Medium's Delusional New Claps Model

In January, Medium's Ev Williams declared that the problem is "ad-driven media on the internet."

He claimed that the ad model's dominance is why creators can't earn a living, and why the internet is overrun with junk.

He denounced the influence of corporations, who directly and indirectly fund most of the content we consume "in order to advance their goals."

Ev declared it his mission to save us from this corporate swamp of click-bait with a bold new model that promotes quality and fairly compensates creators.

It takes a special person to set out to improve a business model - and then deliver a solution that's worse than the original problem. But Ev did it.

The Claps Model

Medium has been coy in its presentation of the Claps model - full of lovely ideas, but light on details.

Reading between the lines, Medium's new Claps model is:

  1. Collecting subscription revenue from Medium members (who pay for access to "locked" articles);
  2. Controlling which content owners are allowed to make money (through participation in Medium's Partner Program);
  3. Controlling which content is allowed to make money (by being "locked");
  4. Deciding how much each piece of content will be paid (in Medium's absolute discretion)

Medium's vision is one where Medium stands between readers and creators, deciding who deserves to get paid and how much.

Claps-Based Payments? Not Exactly

Medium creates the misleading impression that writers will in fact be paid according to the claps of paying members:

"For our members, we’re excited to give you more meaningful control over the stories you support. The more claps you give a locked post, the more share of your membership fee that author will get."

The Verge explains:

"Medium pays authors by dividing up every individual subscriber’s fee between the different articles they’ve read that month. But rather than doing an even division between articles, Medium will weight payments toward whichever articles a subscriber gives the most claps to."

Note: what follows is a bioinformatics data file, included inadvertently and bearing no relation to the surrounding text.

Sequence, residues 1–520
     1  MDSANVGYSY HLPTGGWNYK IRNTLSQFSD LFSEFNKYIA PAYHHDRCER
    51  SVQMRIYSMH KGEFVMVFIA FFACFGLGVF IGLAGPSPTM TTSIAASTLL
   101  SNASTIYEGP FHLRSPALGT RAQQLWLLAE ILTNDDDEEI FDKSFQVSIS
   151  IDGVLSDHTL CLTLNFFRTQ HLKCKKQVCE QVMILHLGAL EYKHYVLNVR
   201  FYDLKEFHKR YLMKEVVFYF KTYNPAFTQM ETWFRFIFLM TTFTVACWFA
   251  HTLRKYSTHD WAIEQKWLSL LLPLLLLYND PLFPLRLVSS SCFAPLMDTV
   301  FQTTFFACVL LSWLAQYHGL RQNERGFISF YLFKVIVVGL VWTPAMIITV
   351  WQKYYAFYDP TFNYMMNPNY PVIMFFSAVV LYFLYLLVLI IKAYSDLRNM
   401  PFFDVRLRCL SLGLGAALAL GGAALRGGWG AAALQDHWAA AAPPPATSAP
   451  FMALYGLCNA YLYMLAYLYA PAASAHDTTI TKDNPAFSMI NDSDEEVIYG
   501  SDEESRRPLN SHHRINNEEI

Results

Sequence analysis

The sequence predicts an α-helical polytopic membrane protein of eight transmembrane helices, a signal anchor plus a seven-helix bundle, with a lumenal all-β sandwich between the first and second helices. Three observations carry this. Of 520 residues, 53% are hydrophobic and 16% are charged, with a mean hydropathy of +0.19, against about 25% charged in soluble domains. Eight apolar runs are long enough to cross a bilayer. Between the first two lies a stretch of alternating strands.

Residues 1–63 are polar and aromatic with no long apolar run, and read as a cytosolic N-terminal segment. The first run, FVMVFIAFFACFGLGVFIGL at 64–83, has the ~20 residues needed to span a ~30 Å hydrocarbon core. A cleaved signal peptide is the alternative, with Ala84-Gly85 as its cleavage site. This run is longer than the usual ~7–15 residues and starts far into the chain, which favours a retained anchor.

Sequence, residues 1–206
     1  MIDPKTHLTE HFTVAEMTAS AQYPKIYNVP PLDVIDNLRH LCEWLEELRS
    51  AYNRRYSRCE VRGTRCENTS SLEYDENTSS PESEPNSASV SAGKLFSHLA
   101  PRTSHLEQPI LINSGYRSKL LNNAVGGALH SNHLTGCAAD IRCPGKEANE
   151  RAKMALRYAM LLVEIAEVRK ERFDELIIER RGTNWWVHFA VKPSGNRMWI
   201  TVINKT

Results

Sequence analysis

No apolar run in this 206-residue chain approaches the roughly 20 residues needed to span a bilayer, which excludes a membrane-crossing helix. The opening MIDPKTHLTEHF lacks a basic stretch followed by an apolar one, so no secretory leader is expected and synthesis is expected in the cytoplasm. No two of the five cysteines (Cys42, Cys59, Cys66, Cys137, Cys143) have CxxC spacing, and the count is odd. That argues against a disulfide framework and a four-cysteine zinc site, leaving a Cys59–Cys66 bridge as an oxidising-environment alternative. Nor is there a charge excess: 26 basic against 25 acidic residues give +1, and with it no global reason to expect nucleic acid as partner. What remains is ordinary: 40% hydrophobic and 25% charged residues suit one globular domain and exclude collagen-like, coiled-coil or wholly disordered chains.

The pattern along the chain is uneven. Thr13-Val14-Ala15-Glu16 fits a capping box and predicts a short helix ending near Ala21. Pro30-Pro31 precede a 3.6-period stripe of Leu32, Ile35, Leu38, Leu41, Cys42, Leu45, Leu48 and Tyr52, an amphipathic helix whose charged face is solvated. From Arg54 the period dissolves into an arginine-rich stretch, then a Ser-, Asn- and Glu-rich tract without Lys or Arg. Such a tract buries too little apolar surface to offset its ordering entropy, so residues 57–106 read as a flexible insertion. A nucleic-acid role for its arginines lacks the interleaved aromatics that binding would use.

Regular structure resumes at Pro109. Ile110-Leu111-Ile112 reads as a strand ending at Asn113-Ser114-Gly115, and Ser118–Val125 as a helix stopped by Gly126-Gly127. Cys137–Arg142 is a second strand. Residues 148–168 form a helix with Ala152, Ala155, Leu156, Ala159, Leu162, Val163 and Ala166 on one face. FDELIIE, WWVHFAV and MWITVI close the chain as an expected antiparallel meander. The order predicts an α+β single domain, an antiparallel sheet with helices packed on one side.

And from Motherboard:

"A spokesperson from Medium said that a person's subscription fee would be proportionally divided according to how many claps it gave out that month. So if you give out one clap each to two articles, the writers of those two posts would each get half of your subscription fee."

And from Inc.:

"The partner program fundamentally changed from Medium-funded writers to member-funded writers. .... Now, all invite-only writers are paid directly by members.
Medium, as a curatorial middleman, is cut out. And this is where it gets interesting. Members "pay" writers with their virtual "applause.""

Sure sounds like if you subscribe to Medium, your $5 will be distributed directly to the articles you value based on your claps, doesn't it?

But that's not how the Claps model actually works.

Medium is the sole decider of the "value" of content, and of payments to creators - Medium says so explicitly:

"you have the chance to receive revenue based on various performance factors, including reader engagement. Based on the performance of a post, Medium will pay you a portion of revenues received by Medium from subscription fees, as determined by Medium.